It looks like the Obamacare exchanges are running into some trouble, which is disappointing for anyone who would like to see all Americans have access to affordable health care. The problem, as noted elsewhere, is that not enough healthy people are buying insurance via the exchanges. That is leading to adverse selection, which increases the cost and decreases the amount of available plans.
Back in 2008, the Obama campaign claimed that you did not really need a mandate to make health care reform work. Enough healthy people would buy insurance if it was properly subsidized. The Clinton campaign said, no, that’s wrong, you need a mandate. When the Affordable Care Act was actually written, however, the authors soon realized that you did, in fact, need a mandate. The problem now seems to be that the mandate is not strong enough; too many healthy people are not buying insurance.
The Dutch experience is worth noting. The Health Insurance Act of 2006 required all Netherlands residents to purchase subsidized health insurance. Their mandate was pretty weak, though: a penalty of 130% of the premium over the period of being uninsured. Note that this is different from the U.S., where the penalty is less than the premium.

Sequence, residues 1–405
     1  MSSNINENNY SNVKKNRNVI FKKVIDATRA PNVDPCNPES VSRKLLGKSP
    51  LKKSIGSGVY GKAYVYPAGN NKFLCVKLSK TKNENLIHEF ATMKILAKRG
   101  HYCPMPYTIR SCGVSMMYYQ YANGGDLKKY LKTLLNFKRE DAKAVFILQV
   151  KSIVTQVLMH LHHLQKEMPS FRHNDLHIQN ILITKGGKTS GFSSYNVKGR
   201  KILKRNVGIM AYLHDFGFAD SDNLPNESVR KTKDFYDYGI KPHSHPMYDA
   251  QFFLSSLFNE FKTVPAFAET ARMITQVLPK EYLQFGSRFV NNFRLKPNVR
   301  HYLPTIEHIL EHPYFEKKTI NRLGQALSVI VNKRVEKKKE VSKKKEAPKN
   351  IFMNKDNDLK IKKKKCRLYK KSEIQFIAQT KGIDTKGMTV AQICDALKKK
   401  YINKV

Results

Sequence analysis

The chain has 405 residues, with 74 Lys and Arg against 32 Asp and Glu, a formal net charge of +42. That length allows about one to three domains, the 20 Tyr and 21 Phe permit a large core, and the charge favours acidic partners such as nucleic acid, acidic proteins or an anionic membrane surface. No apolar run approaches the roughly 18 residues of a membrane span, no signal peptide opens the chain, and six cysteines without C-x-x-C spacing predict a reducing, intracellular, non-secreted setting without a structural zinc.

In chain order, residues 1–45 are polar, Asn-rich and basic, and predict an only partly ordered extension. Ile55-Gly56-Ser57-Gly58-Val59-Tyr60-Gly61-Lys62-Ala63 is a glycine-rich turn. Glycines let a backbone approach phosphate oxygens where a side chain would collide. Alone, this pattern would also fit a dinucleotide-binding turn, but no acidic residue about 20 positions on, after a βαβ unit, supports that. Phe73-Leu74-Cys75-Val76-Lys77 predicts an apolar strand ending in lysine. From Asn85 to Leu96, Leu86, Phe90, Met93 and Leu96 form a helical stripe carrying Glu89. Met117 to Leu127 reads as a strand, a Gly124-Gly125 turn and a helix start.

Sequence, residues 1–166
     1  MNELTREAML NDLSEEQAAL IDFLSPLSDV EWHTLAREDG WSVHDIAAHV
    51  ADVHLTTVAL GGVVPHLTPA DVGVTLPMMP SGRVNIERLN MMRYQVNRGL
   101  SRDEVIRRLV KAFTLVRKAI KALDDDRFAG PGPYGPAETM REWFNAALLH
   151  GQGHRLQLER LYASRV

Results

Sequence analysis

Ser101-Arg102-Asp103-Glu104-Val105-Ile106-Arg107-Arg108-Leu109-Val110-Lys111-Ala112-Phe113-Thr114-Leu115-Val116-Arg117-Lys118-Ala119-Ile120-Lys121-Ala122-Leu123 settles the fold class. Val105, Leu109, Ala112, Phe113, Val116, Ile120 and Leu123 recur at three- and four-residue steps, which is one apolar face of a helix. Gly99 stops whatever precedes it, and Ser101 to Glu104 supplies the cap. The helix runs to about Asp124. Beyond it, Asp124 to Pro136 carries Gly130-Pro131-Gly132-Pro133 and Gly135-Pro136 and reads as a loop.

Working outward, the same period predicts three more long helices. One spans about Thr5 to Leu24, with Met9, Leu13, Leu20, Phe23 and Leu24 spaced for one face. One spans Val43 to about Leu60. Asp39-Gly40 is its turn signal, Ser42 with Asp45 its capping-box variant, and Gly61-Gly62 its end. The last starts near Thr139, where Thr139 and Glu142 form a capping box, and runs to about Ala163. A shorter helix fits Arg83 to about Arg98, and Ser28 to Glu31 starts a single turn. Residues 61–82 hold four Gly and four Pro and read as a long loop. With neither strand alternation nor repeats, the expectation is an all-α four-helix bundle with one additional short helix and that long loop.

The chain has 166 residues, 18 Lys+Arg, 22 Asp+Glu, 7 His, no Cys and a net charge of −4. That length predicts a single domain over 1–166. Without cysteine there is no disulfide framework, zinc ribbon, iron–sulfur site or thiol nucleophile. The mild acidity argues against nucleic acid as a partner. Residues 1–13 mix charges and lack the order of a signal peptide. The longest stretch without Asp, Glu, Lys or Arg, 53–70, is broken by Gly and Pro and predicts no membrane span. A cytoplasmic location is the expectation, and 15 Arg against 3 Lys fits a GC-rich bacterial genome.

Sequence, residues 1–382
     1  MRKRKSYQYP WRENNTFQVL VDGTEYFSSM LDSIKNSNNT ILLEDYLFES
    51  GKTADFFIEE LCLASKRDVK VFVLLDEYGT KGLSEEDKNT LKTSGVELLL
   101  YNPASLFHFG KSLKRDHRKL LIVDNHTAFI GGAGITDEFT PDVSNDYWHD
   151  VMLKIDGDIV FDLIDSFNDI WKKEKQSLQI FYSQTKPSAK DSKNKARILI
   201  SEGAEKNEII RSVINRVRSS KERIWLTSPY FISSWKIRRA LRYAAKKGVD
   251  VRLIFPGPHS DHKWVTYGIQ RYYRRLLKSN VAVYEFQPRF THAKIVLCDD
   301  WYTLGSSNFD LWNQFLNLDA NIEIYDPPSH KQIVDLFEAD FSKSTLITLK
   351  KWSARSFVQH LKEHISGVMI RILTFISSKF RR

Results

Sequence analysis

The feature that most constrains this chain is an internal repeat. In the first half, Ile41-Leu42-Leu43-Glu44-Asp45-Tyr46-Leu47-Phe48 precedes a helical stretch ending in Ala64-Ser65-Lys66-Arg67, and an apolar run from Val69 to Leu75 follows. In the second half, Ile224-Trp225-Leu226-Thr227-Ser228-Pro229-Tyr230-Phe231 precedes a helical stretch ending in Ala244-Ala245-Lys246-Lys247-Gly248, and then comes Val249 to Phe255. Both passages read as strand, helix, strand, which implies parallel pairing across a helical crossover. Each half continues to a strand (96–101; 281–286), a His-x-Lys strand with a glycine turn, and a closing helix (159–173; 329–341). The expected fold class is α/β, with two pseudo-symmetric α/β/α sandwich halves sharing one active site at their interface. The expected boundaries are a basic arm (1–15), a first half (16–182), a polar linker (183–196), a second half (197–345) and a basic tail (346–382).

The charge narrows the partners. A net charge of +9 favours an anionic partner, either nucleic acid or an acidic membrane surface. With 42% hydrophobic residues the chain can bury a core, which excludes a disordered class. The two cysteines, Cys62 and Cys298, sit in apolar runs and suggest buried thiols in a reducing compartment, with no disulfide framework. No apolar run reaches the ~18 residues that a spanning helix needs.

But nonetheless Dutch enforcement was American-style lax. As a result, by 2010 about 1% of the population failed to buy insurance and another 2% made no premium payments on the insurance they did buy. (It is not clear how these figures compare to Obamacare, since the Dutch system is universal, whereas most Americans still get insurance via their employer.) Costs increased markedly, which is what you would worry about with an ineffective mandate.
So in 2011, the government started deducting premiums directly from people’s paychecks if they failed to pay. (See page 7 for the details.) Interestingly, the change did not go through Parliament: rather, it was a regulatory reform issued under the provisions of the 2006 act. And the Netherlands is still having some trouble.
The problems with Obamacare are fixable, but they are real.